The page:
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A tribute to Webber's world
The Israel Musicals Vocal Quartet is back on stage. This season they will perform a tribute to Andrew Lloyd Webber and his world, entitled "Let the Memories Live Again!" at the Einav Center in Tel Aviv on Thursday, November 1. The quartet will also appear at the Music Conservatory of Beersheba on Saturday, November 10.
Made up of four professional singers with operatic and theatrical backgrounds, the quartet plans to present work from Joseph and the Amazing Technicolor Dreamcoat, Evita, Cats, The Phantom of the Opera and some lesser-known works. They will also look at Webber's rivals, and those he influenced.
A portion of the quartet's proceeds will be donated to the Meir Panim charity organization.
Tickets can be purchased by calling the Israel Musicals box office at 03-636-4007. Tickets can also be ordered online at http://www.israel-theatre.com/order-form.html. Discounts available for seniors, soldiers, students and AACI members. - Jerusalem Post staff
'Curtain Up' rises yet again
The annual Curtain Up (CU) dance event showcases promising independent choreographers with the aim of furthering their careers. This year's crop was cut from 10 to seven "because we wanted to raise the bar of excellence," explains long-time Curtain Up adviser Nava Zuckerman.
"Most of the works reflect a longing for connection, for love of the other, and the ability, or inability to effect these," says CU artistic, and respected theater director, Micki Gurevitch.
Making their CU debut are Aviv Ivgi with Animus, Hillel Kogan with After the Bolero and Maya Levi with Sun Network, a project that started at the Ma'abada in Jerusalem. It's also notable that much of the music, in many cases a sound collage rather than melody, is local and original.
Ivgi started his choreographic career in New York where he studied at the Alvin Ailey Dance School. Back in Israel, his local career began with a bang by winning first prize at the International Street Theater Festival. Animus presents three strangers in a strange place trying to find something in common among extremes of being.
In After the Bolero, Kogan employs humor to make points about freedom. He began dance choreography at 22 and has choreographed both locally and abroad. In Sun Network, which addresses both conformity and the right to be different, there is a very original mind at work. Levi has been working independently since 2003, teaches at her alma mater, the School of Visual Theater and curates the Dance Arena festival.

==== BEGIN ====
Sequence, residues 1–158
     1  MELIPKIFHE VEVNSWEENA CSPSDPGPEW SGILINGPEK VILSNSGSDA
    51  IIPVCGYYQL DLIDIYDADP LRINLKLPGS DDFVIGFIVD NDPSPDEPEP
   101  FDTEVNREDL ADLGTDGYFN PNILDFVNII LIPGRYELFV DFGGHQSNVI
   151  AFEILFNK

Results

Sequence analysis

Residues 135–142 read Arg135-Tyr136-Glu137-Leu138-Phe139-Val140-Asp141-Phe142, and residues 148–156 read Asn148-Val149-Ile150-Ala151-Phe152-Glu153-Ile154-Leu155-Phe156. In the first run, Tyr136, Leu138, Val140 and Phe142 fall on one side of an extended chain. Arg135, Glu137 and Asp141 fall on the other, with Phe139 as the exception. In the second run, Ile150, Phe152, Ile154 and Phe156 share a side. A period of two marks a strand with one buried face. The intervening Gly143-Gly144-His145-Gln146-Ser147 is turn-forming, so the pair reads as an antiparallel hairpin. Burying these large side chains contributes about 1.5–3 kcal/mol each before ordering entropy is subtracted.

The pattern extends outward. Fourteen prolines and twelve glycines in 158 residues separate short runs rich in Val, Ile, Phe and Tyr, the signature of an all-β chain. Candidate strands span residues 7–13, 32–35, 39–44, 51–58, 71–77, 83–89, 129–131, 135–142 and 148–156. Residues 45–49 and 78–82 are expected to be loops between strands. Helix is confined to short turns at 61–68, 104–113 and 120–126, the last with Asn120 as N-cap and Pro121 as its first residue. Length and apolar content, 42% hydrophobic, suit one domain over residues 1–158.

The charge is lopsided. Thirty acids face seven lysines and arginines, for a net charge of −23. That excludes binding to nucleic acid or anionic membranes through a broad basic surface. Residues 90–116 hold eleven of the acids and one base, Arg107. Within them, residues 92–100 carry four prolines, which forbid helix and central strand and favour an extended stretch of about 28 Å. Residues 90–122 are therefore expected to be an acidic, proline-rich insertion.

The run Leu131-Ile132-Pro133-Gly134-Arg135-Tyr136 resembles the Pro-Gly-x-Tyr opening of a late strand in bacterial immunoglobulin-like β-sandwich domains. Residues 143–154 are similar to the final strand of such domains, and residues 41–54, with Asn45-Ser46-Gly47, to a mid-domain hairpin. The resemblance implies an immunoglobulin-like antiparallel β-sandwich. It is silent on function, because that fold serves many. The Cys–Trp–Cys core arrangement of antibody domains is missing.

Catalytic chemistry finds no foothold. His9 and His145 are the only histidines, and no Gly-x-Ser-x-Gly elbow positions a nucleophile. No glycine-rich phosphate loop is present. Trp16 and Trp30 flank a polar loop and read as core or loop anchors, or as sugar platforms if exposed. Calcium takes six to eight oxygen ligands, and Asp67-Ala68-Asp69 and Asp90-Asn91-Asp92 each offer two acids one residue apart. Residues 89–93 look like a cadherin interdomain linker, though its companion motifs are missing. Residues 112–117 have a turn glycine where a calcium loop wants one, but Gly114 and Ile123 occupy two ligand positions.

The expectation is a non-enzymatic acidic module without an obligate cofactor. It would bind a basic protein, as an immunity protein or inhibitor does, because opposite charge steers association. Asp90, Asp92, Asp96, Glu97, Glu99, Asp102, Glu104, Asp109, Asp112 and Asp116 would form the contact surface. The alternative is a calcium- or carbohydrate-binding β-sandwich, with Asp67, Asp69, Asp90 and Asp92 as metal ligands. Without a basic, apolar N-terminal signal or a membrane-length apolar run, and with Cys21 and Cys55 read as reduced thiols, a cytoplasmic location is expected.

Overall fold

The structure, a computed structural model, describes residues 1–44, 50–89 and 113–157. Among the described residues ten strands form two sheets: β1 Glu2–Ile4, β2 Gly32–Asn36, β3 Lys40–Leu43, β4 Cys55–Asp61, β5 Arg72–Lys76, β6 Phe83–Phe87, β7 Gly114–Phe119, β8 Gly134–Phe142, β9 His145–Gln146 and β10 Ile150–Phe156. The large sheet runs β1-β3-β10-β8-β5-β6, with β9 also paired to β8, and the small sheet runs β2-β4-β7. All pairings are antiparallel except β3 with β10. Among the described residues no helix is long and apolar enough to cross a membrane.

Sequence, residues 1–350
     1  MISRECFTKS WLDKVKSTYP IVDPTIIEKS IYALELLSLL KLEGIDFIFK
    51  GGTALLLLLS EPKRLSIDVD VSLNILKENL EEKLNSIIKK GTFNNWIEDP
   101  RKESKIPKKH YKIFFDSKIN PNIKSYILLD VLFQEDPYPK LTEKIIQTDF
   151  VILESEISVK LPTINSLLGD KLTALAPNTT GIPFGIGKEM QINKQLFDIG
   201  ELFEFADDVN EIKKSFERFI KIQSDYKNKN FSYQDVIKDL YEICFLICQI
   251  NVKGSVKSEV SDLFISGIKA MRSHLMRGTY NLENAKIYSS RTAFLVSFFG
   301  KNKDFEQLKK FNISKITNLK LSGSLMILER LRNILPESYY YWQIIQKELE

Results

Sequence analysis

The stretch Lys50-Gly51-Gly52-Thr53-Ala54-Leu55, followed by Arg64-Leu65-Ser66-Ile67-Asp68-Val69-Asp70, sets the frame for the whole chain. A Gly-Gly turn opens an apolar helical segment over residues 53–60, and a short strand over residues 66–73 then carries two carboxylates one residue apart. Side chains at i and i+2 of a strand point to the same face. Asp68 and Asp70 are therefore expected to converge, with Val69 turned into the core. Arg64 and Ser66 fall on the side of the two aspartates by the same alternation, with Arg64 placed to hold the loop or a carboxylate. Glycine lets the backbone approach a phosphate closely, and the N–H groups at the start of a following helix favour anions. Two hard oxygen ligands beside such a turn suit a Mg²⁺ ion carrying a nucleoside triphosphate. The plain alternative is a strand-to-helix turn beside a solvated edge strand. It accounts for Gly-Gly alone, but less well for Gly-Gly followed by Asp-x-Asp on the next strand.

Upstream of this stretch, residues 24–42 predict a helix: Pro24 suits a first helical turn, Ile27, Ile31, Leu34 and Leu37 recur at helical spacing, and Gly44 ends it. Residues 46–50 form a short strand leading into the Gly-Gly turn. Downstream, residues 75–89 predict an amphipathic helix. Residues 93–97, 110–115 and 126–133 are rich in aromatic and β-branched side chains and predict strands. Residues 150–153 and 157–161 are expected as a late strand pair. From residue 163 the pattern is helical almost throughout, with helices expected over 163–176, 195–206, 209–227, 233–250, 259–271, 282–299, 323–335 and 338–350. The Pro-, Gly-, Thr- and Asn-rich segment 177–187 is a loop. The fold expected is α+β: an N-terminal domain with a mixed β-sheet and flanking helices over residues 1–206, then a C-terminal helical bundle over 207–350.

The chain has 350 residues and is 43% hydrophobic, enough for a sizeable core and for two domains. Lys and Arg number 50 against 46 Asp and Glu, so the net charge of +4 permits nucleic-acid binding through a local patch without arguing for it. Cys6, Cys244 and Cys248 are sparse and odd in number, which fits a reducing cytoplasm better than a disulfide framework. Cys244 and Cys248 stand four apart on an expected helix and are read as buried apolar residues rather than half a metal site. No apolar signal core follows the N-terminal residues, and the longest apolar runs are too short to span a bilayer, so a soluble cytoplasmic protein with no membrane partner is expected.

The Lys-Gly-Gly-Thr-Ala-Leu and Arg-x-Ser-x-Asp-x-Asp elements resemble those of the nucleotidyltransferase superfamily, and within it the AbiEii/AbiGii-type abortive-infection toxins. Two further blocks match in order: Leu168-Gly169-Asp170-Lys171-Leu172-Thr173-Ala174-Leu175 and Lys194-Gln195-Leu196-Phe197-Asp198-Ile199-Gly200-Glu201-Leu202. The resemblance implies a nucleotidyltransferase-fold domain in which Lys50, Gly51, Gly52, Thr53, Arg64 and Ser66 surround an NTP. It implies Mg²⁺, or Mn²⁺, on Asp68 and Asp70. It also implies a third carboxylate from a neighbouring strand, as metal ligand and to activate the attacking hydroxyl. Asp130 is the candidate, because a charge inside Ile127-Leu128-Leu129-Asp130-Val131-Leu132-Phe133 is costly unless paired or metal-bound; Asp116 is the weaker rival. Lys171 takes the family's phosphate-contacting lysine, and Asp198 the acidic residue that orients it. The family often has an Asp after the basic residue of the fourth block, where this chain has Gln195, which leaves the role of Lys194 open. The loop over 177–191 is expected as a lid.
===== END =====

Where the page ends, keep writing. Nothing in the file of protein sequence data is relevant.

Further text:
The remaining choreographers/dancers have all appeared at CU and have won numerous prizes for their work both here and abroad.
"There was a fight to keep Curtain Up," said Arts and Culture Authority head Micha Yinon, whose department faces yet more cuts to the minuscule budget accorded culture, less than 0.1 percent of the whole. But fighting like a tiger, Yinon has managed not only to keep the dance budget intact, but has won a further NIS 3 million from the Treasury in order to nurture the coming generation of dance-makers. The budget for Curtain Up, that Yinon considers of primary importance to local dance, is NIS 1 m.
Curtain Up takes place at the Suzanne Dellal Center in Tel Aviv from November 14 - 23 and at the Ma'abada (near the old train station) in Jerusalem from November 26-28. - Helen Kaye
Rowling 'outs' Dumbledore
With author J.K. Rowling's revelation that master wizard Albus Dumbledore is gay, some passages about the Hogwarts headmaster and rival wizard Gellert Grindelwald have taken on a new and clearer meaning.
The British author stunned her fans at Carnegie Hall on Friday night when she answered one young reader's question about Dumbledore by saying that he was gay and had been in love with Grindelwald, whom he had defeated years ago in a bitter fight.
The news brought gasps, then applause at Carnegie Hall, the last stop on Rowling's brief US tour, and set off thousands of e-mails on Potter fan Web sites around the world. Some were dismayed, others indifferent, but most were supportive.
Potter readers had speculated about Dumbledore, noting that he has no close relationship with women and a mysterious, troubled past. - AP
TA's Mann Auditorium celebrates 50
The Israeli Philharmonic Orchestra (IPO) and conductor Zubin Mehta will celebrate half a century since Tel Aviv's Mann Auditorium first opened its doors. Top notch performers and artists from around the world have graced the institution's stage in the years since.
On Saturday evening, October 27 at 8:30p.m. the IPO will recreate the opening night performance, which starred musical heavyweights Leonard Bernstein, Arthur Rubinstein and Isaac Stern. - Miriam A. Shaviv